public class Test {
    public static void main(String args[]) {
        List<Employee> peoples = new ArrayList<>();
        peoples.add(new Employee(101, "Victor", 23));
        peoples.add(new Employee(102, "Rick", 21));
        peoples.add(new Employee(103, "Sam", 25));
        peoples.add(new Employee(104, "John", 27));
        peoples.add(new Employee(105, "Grover", 23));
        peoples.add(new Employee(106, "Adam", 22));
        peoples.add(new Employee(107, "Samy", 224));
        peoples.add(new Employee(108, "Duke", 29));
        double average = calculateAverage(peoples);
        System.out.println("Average age of employees are (classic way) : " 
                            + average);
        average = average(peoples);
        System.out.println("Average age of employees are (lambda way) : " 
                            + average);
     * Java Method to calculate average from a list of object without using
     * lambdas, doing it on classical java way.
     * @param employees
     * @return average age of given list of Employee
    private static double calculateAverage(List<? extends Employee> employees){
        int totalEmployee = employees.size();
        double sum = 0;
        for(Employee e : employees){
            sum += e.getAge();
        double average = sum/totalEmployee;
        return average;
     * Java method which uses map reduce to calculate average of list of 
     * employees in JDK 8.
     * @param peoples
     * @return average age of given list of Employees
    private static double average(List<? extends Employee> peoples){
        return> p.getAge())
class Employee{
    private final int id;
    private final String name;
    private final int age;
    public Employee(int id, String name, int age){ = id; = name;
        this.age = age;
    public int getId(){
        return id;
    public String getName(){
        return name;
    public int getAge(){
        return age;
Average age of employees are (classic way) : 49.25
Average age of employees are (lambda way) : 49.25

You can see that the Java 8 way is much more succinct and readable than the iterative version of the pre-Java 8 code.

Though the code doesn't tell you the impact when the amount of data increases, you can easily make the Java 8 version parallel by just replacing stream() with the parallelStream() but you need to do a lot of hard work to parallelize the iterative version of the code.

That's all about how to do map-reduce in Java 8.  This is rather a simple example of a powerful concept like map-reduce but the most important thing is that now you can use this concept in Java 8 with a built-in map() and reduce() method of Stream class. If you are interested in learning more about Stream API or Functional Programming in Java, here are some of the useful resources to learn further and strengthen your knowledge.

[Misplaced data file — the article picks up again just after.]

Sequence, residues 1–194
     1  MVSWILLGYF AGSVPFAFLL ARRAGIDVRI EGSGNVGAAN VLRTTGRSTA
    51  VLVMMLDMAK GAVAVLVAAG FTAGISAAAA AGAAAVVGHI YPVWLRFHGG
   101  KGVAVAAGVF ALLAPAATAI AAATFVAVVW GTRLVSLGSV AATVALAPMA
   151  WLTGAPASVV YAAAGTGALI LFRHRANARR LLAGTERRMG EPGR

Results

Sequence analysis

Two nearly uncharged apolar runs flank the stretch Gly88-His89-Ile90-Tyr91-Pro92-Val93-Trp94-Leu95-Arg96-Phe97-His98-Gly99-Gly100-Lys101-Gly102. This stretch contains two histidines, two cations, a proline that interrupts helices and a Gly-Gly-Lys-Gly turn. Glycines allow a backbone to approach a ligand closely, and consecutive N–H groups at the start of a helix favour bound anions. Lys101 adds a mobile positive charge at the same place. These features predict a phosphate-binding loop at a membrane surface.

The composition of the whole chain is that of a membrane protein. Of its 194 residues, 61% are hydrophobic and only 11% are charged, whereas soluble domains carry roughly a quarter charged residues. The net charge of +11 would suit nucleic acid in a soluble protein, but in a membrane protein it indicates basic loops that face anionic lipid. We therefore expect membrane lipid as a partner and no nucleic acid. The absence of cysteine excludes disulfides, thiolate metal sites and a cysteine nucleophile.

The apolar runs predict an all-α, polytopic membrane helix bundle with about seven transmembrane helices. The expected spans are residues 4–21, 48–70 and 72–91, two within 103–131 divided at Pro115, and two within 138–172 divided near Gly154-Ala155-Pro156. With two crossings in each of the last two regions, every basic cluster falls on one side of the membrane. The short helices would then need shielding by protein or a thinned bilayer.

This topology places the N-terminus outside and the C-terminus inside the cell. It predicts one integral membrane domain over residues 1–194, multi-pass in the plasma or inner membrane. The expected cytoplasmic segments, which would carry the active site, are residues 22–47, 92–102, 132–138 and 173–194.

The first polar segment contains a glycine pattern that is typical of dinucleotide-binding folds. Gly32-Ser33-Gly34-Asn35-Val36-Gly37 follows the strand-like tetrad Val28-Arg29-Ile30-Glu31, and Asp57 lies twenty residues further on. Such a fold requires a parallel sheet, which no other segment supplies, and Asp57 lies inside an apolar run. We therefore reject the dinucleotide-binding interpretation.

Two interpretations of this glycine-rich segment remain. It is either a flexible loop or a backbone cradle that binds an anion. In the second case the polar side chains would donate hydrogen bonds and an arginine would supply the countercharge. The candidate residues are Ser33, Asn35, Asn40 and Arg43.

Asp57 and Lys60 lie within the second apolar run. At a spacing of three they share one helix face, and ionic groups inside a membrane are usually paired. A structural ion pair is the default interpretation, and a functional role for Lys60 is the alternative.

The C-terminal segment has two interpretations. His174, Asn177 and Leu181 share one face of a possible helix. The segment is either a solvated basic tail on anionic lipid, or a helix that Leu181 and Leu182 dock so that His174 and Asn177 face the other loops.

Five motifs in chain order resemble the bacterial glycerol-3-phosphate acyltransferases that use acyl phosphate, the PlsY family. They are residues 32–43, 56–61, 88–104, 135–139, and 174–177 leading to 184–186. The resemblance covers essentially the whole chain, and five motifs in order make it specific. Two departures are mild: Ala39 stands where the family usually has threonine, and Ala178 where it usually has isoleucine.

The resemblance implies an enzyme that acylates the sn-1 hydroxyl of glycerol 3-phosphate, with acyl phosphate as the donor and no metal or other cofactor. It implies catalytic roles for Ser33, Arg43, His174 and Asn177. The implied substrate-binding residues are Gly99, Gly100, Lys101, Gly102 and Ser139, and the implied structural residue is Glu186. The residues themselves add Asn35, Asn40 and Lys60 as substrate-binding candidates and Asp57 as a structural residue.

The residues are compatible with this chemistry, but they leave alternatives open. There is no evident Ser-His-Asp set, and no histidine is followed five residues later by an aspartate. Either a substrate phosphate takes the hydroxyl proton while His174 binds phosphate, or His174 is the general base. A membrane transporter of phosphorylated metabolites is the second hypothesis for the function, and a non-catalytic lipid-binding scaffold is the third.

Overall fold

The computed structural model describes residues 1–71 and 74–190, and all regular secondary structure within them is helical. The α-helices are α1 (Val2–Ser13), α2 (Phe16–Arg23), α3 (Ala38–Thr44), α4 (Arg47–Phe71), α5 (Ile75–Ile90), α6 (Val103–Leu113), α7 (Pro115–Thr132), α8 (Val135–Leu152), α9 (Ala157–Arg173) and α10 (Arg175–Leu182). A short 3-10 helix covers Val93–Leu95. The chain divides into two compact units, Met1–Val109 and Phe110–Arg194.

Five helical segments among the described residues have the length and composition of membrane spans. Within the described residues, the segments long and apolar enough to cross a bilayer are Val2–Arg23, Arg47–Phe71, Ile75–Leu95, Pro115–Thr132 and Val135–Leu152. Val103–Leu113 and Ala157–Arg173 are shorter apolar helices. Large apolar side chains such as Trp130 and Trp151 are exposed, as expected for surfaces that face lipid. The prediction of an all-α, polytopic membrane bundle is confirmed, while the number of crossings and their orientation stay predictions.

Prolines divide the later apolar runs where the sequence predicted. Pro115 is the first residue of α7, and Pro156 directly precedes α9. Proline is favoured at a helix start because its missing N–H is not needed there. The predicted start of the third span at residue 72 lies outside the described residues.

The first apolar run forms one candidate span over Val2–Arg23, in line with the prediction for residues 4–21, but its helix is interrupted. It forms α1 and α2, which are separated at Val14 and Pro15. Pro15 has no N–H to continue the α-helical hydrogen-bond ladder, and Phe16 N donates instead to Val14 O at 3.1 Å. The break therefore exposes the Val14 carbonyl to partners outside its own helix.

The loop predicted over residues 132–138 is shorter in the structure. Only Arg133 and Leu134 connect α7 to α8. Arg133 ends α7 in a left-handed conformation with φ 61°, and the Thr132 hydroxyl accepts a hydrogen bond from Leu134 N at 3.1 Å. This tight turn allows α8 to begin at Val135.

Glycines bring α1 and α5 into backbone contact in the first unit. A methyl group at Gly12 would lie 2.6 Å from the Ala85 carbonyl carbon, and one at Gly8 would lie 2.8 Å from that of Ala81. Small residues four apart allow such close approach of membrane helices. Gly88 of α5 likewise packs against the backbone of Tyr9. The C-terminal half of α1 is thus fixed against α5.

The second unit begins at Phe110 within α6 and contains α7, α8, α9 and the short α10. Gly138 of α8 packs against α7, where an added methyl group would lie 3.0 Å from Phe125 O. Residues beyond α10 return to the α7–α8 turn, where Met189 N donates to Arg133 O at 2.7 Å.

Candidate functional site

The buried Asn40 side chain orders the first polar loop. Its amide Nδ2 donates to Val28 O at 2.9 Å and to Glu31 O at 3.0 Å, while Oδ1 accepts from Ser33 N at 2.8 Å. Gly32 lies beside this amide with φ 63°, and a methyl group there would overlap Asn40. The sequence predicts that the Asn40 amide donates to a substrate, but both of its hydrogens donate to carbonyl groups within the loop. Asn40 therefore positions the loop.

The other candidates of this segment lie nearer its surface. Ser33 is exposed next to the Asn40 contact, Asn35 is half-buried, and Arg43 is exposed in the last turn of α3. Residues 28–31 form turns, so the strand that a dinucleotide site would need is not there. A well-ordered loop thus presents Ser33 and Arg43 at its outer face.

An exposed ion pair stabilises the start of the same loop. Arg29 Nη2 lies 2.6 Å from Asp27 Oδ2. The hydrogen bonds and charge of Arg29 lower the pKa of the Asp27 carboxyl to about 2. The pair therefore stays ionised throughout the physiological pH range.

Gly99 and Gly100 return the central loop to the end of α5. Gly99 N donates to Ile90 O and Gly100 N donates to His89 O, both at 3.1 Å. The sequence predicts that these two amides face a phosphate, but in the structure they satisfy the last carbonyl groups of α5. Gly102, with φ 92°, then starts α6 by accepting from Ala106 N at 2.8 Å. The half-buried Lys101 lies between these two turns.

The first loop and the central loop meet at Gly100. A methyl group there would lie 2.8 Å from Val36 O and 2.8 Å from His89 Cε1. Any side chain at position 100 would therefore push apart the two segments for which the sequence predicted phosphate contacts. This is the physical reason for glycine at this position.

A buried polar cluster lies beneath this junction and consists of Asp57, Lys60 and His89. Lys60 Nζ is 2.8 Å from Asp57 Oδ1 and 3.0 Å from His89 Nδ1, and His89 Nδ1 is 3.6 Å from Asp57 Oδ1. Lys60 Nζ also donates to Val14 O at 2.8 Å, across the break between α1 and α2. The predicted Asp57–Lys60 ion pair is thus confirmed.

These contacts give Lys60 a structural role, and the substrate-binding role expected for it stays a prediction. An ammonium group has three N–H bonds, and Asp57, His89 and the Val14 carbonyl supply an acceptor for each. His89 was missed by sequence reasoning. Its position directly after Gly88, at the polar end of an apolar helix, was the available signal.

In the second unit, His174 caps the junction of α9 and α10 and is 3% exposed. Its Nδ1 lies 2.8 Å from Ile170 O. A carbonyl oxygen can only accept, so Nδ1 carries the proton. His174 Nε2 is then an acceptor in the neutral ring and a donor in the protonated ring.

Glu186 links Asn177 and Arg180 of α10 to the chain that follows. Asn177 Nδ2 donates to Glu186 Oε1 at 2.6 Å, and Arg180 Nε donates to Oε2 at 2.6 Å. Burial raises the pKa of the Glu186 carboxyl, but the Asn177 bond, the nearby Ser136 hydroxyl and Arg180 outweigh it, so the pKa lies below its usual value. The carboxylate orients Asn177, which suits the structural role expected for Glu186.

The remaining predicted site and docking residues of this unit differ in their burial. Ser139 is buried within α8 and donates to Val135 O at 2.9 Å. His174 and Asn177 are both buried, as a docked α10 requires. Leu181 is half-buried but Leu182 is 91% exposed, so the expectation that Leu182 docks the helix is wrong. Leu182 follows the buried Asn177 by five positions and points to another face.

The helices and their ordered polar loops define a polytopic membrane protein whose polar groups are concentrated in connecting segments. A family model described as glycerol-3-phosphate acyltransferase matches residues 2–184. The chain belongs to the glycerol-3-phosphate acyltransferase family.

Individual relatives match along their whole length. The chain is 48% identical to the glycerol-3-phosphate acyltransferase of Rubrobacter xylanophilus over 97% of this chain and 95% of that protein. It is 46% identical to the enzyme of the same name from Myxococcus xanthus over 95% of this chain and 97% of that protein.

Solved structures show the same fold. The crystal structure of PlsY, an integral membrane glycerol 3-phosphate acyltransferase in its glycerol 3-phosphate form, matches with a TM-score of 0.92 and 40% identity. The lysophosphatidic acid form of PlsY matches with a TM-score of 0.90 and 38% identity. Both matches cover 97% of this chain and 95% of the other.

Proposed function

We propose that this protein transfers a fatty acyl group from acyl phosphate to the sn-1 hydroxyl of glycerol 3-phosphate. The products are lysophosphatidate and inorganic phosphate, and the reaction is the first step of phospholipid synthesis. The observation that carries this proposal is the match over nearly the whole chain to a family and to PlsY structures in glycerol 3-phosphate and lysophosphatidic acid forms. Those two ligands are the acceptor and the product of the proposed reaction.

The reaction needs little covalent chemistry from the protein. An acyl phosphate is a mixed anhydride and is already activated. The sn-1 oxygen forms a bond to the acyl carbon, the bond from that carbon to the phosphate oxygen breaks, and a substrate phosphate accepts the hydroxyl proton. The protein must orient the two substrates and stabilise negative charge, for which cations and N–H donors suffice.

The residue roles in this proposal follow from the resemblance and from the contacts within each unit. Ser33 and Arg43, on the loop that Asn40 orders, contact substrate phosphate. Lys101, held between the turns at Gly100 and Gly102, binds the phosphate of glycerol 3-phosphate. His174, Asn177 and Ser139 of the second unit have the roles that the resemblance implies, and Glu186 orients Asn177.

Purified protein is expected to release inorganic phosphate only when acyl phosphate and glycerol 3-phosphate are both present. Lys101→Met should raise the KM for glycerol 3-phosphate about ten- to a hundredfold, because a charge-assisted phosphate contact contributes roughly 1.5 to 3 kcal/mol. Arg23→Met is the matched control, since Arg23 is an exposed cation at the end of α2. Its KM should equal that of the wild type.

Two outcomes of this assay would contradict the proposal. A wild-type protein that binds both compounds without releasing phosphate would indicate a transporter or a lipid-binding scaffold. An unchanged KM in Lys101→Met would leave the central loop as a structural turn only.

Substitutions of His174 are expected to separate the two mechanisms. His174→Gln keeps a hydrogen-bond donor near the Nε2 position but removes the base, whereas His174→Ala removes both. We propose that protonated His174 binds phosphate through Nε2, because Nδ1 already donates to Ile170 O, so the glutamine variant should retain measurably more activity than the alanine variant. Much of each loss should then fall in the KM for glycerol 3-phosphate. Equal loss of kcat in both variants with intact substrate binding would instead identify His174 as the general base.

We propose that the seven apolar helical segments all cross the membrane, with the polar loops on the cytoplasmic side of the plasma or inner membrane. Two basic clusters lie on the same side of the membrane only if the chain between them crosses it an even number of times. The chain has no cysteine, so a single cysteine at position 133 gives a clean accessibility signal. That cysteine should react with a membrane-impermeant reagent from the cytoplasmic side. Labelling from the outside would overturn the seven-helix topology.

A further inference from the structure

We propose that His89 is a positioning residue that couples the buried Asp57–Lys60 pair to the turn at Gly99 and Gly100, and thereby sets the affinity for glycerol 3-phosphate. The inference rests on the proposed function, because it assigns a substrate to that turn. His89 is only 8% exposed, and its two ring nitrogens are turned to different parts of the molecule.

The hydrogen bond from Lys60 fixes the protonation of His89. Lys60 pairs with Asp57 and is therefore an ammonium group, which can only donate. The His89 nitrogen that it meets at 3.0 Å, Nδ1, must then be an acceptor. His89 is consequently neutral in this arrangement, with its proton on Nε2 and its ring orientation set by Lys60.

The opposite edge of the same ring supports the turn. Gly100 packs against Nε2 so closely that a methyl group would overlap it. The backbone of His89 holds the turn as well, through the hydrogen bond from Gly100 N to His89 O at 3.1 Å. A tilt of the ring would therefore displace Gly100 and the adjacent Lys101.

Other Java 8 tutorials you may like
  • 10 Example of Lambda Expression in Java 8 (see here)
  • 5 Courses to learn Java 8 and Java 9 features (courses)
  • 10 Example of forEach() method in Java 8 (example)
  • Top 10 Courses to learn Java for Beginners (courses)
  • 10 Example of Joining String in Java 8 (see here)
  • Top 5 Courses to become a full-stack Java developer (courses
  • 10 Example of Stream API in Java 8 (see here)
  • How to use the peek() method of Stream in Java 8? (example)
  • 10 Free Courses to learn Spring Framework (courses)
  • 10 Example of converting a List to Map in Java 8 (example)
  • How to use Stream.flatMap in Java 8(example)
  • How to use in Java 8 (example)
  • 5 Books to Learn Java 8 and Functional Programming (list)
  • 5 Free Courses to learn Java 8 and 9 (courses)
  • 20 Example of LocalDate and LocalTime in Java 8 (see here)
  • Difference between map() and flatMap() in Java 8? (answer)

Thanks for reading this article so far. If you liked this Java Map and Reduce tutorial and example then please share it with your friends and colleagues. If you have any questions or feedback then please drop a note.


  1. If you are performing map-reduce in large scale, which is always the case, you should use parallelStream() instead of stream() to get full advantage of multiple cores of your server.

  2. Yes I think Javin is right. If you are using stream it will still be executed on a single core just like a normal sequential routine. For using parallelism we will have to use parallelSteam.

  3. When you use parallel stream check you cpu in task manager. All core of cpu are used . So in future if we moved from quad core to octa core performance will increase.

    1. Hello Rohan, where exactly do you see the core get utilized? Do you mean Task Manager - Performance tab - Open resource Monitor and then CPU tab?

  4. Not sure why, but the lambda code takes at least twice as long as your 'classical' code. I'm running with parallel stream on a 16 core machine. To make a realistic test, I added 3 million employees to the collection.

    1. Hmm, interesting, did you checked your JVM is running on server mode?

    2. The classical code ran faster for 3 million employees, but i started seeing the difference at around 10 million. Fron this point on, the parallel streams ran faster. So i guess the conclusion is that parallelism comes with an overhead which is only worthwhile once you cross a certain threshold of data volume.